Coming up with an appropriate revenue allocation formula and budgeting technique in the public sector has been challenging for several local governments. Public sector budgeting techniques have to be in line with the country’s economic policies and consider the available financial resources and the expenditures and revenues. Morgan et al. (2017) suggest that zero-based budgeting is the way to enhance transparency in how public funds are managed and utilized. Zero-based budgeting also ensures that the incremental limitation that most budgeting techniques face is managed. The new budget can either be lower or higher than the previous budget. Critics, however, say that this method of budgeting drains resources and is also prone to manipulations. Zero-based budgeting is also not suitable for developing countries as it does not conform to their economic policies.
Zero-based budgeting has been considered a suitable alternative to other budgeting techniques in the public sector domain. One of the reasons provided is that this budgeting mode requires the government to justify its expenditure, both new and existing (Morgan et al., 2017). This requirement ensures that funds are released, knowing where to be used and expecting no waste and misappropriation. Additionally, the budget starts from zero as the baseline; it is a whole new setup. This means that if there were any pending projects from the previous budget, they require to be allocated funds afresh. It, therefore, forces those responsible for public sector funds to complete projects on time and not carry it forward to the next financial year. Therefore, the public sector has to embrace this form of budgeting without further ado to enable transparency and accountability and help eliminate funds’ misappropriation.
Zero-based budgeting has several implications that have been researched before. The first is that everything is put under the microscope; all the expenses are justified new irrespective of how the last went down. The end game is first to review the previous and the current budget, justify what is included in the current budget or omitted in the previous one, and then control the allocation to the necessary expenditure (Alamry et al., 2020). The budget also impacts the people, the civil servants, and the public in general. Using a zero-based budget increases the public’s confidence in the government; the public is assured that allocation is made based on the priority of needs and not because the funds are available (Hildreth & Miller, 2021). The public will also be happy with the budget’s scrutiny to deter any form of corruption, embezzlement, and misappropriation.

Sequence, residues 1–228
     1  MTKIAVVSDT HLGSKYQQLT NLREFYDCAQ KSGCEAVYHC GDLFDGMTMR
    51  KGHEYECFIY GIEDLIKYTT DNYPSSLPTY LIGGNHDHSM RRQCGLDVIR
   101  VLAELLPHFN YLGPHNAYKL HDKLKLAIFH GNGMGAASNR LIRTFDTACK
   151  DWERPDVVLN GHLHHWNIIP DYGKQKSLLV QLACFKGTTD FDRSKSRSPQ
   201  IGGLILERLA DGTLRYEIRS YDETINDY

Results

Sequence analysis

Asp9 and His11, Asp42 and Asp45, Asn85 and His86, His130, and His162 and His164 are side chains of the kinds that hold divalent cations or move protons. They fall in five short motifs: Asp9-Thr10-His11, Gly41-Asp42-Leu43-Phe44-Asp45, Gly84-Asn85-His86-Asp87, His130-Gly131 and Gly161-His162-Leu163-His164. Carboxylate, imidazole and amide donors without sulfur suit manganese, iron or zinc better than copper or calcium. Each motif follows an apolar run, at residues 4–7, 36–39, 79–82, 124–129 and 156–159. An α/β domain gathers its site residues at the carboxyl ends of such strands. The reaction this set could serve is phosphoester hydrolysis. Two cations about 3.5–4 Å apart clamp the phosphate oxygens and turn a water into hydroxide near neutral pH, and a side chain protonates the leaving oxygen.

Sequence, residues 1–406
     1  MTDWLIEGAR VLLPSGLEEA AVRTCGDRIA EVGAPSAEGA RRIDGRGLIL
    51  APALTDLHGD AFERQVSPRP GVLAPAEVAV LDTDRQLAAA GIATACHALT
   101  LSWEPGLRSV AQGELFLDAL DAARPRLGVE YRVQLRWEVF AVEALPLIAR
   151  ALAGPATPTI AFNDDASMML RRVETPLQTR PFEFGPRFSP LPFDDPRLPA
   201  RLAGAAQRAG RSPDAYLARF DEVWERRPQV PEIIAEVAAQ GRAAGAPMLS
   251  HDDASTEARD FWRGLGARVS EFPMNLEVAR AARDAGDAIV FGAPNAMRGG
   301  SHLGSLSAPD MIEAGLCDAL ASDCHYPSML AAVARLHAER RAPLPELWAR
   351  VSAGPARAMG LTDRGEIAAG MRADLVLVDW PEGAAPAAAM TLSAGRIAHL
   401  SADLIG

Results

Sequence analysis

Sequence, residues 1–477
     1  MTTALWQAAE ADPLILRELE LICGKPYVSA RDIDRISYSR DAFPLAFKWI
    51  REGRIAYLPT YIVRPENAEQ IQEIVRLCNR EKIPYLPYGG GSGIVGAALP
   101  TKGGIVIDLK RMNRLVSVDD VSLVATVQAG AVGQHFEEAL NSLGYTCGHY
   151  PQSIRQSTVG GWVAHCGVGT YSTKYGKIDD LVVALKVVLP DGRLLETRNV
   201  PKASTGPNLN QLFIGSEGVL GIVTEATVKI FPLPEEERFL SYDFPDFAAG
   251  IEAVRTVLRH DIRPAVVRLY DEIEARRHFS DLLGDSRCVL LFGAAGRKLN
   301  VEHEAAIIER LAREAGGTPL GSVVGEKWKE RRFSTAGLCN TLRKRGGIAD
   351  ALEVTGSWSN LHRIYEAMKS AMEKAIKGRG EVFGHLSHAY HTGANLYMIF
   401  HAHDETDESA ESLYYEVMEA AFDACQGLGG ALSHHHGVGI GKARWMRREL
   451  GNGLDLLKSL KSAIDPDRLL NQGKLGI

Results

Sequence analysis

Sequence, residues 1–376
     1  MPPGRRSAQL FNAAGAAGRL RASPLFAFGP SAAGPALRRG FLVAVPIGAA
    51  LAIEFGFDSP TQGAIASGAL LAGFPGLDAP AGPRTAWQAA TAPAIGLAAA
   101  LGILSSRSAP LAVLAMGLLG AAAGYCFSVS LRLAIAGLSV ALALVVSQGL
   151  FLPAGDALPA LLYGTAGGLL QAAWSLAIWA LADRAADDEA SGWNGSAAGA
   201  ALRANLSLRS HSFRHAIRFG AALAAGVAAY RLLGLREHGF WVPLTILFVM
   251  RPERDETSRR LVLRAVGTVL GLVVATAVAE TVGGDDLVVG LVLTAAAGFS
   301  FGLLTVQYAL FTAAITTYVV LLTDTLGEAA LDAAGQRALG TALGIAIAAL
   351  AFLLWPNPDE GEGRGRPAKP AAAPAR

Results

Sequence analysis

However, the criticism of this budgeting method arises from its allocation and where it can be used. Zero-based budgeting can be used in almost any economic sector, which cannot be said for developing countries with unpredictable revenue models. Unreliable sources of income make it difficult to ignore the traditional budgeting system (Ibrahim, 2019). There is, therefore, emphasis on using zero-based budgeting in the public sector of developed countries with a known revenue model and predictable incomes. When choosing zero-based budgeting, the government wants to avoid being in debt or accruing more debts by sticking to the available funding. However, rigidity is involved when the funds run out for some reason. Opting for a debt financing method would be more tempting than it is a challenge. Therefore, the little rigidity of the budgeting method is one reason why some public sector giants want to shy away from it.
The public sector primarily bases its budgets and spending on needs and not wants. However, some activities are difficult to classify as needs or wants, hence including them in the budget increases costs, which is not the objective of a zero-based budget. This, therefore, points to the fact that whatever need or want is included in the calendar year budget is for the short-term, since it does not cover the subsequent financial years. Would it be wrong to say that most public sector administrations focus on the long-term? There is no doubt that; this discourages the adoption of zero-based budgets. If a government wants to start long-term projects that cover ten years, this budget is not the way to go. If it has already been adopted, the budget controller should either revert to the previous budgeting method or look for a new one.
In conclusion, zero-based budgets offer many solutions to the public’s outcry that their taxes are embezzled, misappropriated, and corruption carries the day. The need to justify expenses, control inflation and regulation of obsolete processes is reason enough for it to be adopted in the public sector instead of the traditional budgets. However, if there are unreliable sources of revenue, then the budgeting method should not be adopted. Another reason the public sector can change from a zero-based budget is to have a long-term strategic plan that spreads over two years. The limitation is that zero-based budgets cover one financial year, and the following year would require a new one. To sum up, zero-based budgets are essential when transparency is required, but not necessary for poor revenue streams.
Alamry, S. M., Abbas, H., Al-Attar, A., & Mashkour, S. C. (2020). Zero-Based Budget System and its active role in choosing the best alternative to rationalise government Spending. International Journal of Innovation, Creativity and Change, 13(9), 244-265. Web.
Hildreth, W. B., & Miller, G. J. (2021). Handbook of public administration. Routledge.
Ibrahim, M. (2019). Designing zero-based budgeting for public organizations. Problems and Perspectives in Management, 17(2), 323-333. Web.
Morgan, D., Robinson, K. S., Strachota, D., & Hough, J. A. (2017). Budgeting for local governments and communities. Routledge.